If this is all new to you, be patient with yourself, it takes a little time and a lot of intentional effort to forge a new path in your brain. Enlist the help of a friend who REALLY loves you and who is not prone to advice giving. Advice giving is often a defense that people use to get away from the anxiety they feel when you share your anxiety with them! They feel the need to “fix” your anxiety so they can avoid feeling theirs.
Any of the core emotions we experience as humans can trigger anxiety (fear, anger, sadness, joy, disgust). As you get curious about the emotions that are under your anxiety, you might be surprised with what you find.
Some common “rooms in the house” I’ve learned to check when exploring anxiety include:
- If x doesn’t go well, I’ll disappoint the important people in my life. (Fear of loss of connection with those that matter most to us.)
- If x falls back into y, it will be terrible. (Sadness/grief around powerlessness to make a good outcome happen.)
- I’m really frustrated with how x is handling this situation. (Anger about something that is not right.)
- I really violated my character and compromised my values in this situation. (Disgust about behavior that misaligns with identity)
- It feels really uncomfortable when I receive positive attention. (Vulnerable Joy triggering shame and/or fear)
There are many possibilities for what might be driving anxiety, these are just a few examples to get your curiosity pumping.
Be prayerful about the process. Invite the Holy Spirit to help you know your heart and identify what it needs. Then bring what you find to the Lord and another healthy, trusted person in your life.
Show your heart kindness and compassion, the same way you would with someone who is precious to you. The Bible commands us to love others, in the same way we love ourselves (NLT)
Ok, so you have cared for you heart by listening to your anxiety, identifying what is sounding the alarm, naming it, and sharing it with the Lord and another person. Now what?
Naming with oneself, before the Lord, and with another loving person should be enough to silence the alarm on the smoke detector (move from a sympathetic nervous state to a ventral vagal relaxed/peaceful state). If the alarm is still blaring, there is probably still more that needs to be named.
Naming/witnessing the underlying cause of the anxiety doesn’t change the circumstances that are causing the alarm any more than pressing the little button on the smoke detector that silences it puts out a fire.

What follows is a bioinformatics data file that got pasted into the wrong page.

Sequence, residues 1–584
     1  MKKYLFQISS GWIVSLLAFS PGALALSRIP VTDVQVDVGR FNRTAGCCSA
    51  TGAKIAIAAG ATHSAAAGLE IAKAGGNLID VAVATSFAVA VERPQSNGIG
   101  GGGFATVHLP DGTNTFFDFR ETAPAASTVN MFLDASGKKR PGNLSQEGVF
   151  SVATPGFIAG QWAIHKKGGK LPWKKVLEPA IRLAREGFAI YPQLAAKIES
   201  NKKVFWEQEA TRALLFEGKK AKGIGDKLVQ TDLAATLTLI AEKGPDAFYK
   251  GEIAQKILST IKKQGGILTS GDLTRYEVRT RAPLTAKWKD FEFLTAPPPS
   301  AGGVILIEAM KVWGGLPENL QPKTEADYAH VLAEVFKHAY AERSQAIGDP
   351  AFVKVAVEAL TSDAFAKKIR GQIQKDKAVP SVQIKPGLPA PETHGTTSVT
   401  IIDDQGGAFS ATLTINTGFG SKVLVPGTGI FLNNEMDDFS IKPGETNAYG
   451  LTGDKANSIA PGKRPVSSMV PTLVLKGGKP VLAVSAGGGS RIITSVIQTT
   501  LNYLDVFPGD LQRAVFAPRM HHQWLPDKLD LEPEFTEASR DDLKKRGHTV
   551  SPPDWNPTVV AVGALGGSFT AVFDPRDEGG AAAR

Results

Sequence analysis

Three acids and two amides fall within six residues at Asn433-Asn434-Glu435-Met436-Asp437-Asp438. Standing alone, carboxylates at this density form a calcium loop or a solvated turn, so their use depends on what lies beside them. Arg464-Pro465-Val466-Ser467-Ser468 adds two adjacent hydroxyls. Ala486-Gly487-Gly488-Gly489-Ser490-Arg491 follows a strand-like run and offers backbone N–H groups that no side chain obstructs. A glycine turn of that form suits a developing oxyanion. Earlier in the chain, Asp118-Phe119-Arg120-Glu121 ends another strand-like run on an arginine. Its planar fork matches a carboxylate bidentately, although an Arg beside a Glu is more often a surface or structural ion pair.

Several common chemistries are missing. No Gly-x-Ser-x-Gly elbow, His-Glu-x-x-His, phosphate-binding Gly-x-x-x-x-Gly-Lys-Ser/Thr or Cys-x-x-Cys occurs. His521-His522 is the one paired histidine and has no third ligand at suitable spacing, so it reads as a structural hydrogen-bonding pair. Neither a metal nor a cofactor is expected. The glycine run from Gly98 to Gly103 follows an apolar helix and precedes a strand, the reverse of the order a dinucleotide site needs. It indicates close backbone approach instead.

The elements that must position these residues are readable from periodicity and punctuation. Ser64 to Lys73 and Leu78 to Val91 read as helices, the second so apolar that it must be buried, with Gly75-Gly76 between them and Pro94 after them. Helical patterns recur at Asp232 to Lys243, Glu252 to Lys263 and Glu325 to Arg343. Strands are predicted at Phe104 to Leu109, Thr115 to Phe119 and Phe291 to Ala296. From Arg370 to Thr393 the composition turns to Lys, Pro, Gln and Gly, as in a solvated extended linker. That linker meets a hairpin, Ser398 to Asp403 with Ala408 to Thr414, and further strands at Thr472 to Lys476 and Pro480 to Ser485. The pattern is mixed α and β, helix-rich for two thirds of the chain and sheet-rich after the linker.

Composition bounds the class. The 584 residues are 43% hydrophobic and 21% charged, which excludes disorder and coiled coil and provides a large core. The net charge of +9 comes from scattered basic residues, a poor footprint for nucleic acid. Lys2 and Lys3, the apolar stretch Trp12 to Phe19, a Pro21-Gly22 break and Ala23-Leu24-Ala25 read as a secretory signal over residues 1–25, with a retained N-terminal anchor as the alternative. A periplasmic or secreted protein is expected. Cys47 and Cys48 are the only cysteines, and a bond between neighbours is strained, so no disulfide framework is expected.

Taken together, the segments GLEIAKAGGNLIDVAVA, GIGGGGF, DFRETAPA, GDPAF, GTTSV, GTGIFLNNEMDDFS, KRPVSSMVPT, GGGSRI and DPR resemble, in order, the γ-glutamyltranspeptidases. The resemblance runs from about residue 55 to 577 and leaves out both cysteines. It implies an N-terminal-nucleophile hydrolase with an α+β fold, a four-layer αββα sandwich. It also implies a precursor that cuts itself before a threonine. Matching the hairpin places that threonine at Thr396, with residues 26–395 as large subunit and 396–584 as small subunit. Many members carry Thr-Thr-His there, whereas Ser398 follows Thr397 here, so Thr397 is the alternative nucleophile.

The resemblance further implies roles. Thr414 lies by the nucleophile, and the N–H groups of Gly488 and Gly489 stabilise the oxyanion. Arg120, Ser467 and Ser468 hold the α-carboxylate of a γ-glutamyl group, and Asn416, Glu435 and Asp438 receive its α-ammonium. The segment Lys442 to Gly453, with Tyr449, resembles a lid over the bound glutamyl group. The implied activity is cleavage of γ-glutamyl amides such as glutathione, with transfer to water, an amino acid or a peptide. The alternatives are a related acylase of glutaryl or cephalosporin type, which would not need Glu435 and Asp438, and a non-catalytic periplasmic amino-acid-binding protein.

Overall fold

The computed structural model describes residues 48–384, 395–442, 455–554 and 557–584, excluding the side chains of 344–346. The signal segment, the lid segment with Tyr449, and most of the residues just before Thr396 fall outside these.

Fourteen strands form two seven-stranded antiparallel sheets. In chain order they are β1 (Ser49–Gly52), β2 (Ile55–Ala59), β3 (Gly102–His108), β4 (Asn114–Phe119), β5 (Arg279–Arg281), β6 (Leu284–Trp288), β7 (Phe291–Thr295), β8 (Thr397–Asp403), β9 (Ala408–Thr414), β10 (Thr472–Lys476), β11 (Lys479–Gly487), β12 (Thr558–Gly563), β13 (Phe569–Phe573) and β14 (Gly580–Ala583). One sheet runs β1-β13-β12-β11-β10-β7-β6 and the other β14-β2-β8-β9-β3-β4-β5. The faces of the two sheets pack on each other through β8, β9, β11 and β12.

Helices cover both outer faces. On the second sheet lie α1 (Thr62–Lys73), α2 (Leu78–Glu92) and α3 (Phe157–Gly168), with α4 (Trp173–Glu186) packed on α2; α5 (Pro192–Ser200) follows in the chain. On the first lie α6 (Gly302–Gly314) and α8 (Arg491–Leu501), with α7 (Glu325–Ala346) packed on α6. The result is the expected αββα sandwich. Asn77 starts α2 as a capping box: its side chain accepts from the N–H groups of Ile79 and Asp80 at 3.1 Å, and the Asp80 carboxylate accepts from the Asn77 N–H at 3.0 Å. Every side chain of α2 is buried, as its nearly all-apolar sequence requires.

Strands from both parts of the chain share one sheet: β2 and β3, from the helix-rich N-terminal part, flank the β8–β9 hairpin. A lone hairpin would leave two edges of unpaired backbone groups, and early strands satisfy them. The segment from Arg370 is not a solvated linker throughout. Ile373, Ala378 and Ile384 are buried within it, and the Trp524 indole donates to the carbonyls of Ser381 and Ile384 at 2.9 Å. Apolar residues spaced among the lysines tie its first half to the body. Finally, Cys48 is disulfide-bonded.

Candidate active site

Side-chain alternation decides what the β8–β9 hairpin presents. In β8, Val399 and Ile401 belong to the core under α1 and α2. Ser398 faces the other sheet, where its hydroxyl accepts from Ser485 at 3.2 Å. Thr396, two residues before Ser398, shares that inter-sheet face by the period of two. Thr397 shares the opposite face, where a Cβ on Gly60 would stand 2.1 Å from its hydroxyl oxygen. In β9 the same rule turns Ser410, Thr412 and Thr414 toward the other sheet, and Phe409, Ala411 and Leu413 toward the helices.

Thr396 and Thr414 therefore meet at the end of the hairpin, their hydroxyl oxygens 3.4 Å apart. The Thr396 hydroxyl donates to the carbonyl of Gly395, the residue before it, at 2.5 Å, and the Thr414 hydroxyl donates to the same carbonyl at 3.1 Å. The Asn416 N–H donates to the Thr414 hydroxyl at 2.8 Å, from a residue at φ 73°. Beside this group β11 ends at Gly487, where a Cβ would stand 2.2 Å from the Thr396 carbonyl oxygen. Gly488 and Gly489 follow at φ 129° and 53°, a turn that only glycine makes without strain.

It does, however, silence the alarm because it lets the alarm know you’ve acknowledged the situation and can now take appropriate action. That’s what the anxiety needs to know to feel safe.
Neurology side note: At a neurological level, naming and dyadic regulation engages the ventral medial prefrontal cortex of the brain down regulating the amygdala. Which in turn sends messages via the vagal nerve (10th cranial) to return the body to ventral vagal homeostasis (rest and digest). In case you were curious. Physically you know this is happening when muscle tension in the body relaxes along with the gut, breathing relaxes, and the chest cavity feels lest restricted and more expansive. Heart beat also slows, blood pressure reduces, and pupils return from their more dilated state.
Action plan time.
Equipped with the understanding your courageous exploration has armed you with, now you can make an informed decision about what needs to happen next. Do you get a fire extinguisher, call the fire department, or just open a window and flap a towel at the smoke detector?
Each of our core emotions come with an action tendency. That is, God designed our emotions to inform and energy action.
- Fear alerts us to danger and energies moving to safety.
- Anger alerts us to injustice and energies us to advocate for what is right.
- Sadness alerts us to loss and energies us to grieve.
- Disgust alerts us to something toxic and energies us to expel it from our life.
- Joy alerts us to something good happening and energies us to engage it, take it in, and share it with others.
Physical action is not necessary every time your emotion system is giving you information about a situation. Sometimes it’s enough to acknowledge receipt of the information.
Emotion is not supposed to control our action, it informs our action.
Emotion is an important part of our embodied experience as humans, and so are the other functions of our brain that enable us to engage thoughtful responses to life.
Many of us find ourselves stuck in an anxiety/defense cycle that never addresses the underlying reasons for our anxiety.
Overtime anxiety keeps getting worse and our ability to enjoy life to its fullest diminishes.
There is another way. Instead, try making friends with your anxiety. Appreciate it’s God given function of alerting you to something important and get curious about what that might be.
Enlist safe, healthy people in your life to be a part of the exploration and caring for the underlying needs that are revealed. Courageously name them, to yourself, God, and the caring people in your life. Invite God and the family of God to love these parts of your experience to wholeness.
Let the emotions you discover inform your action plan for navigating your life.
If you find yourself having difficulty doing any of the things discussed in this article, don’t be discouraged! It’s normal for it to be hard at first. You’re doing something new that involves changing well-worn neuropathways in your brain.
There are professional counselors who are trained and experienced in helping people face these very challenges. You’ll want to find someone who works from an approach informed by attachment theory, is emotion focused, and experiential. Experienced therapists with training in AEDP, EFT, Polyvagal, EMDR, and Character & Competence should know how to help.
The counselors on my team at MyCounselor.Online are trained in these models, and they LOVE Jesus! It would be our honor to come alongside you if you could use the support. You can find these Christian Counselors on our website: MyCounselor.Online/christian-counselors or in the Christian therapist directory ChristianCounselors.Network.
Thanks for reading this article. I pray you find the ideas discussed helpful and enriching to your life.
Cheering you on!
Josh Spurlock, MA, LPC, LMHC is an ordained minister, Certified Sex Therapist, Licensed Professional Counselor, Level 2 AEDP therapist, and founder of the clinically informed faith-based counseling practice MyCounselor.Online. Josh, his wife Cassie, and their 4 children still at home travel the country in an Airstream travel trailer speaking, writing, and opening counseling offices. You can follow their journey at JoshSpurlock.com or on social media @talk2spurlock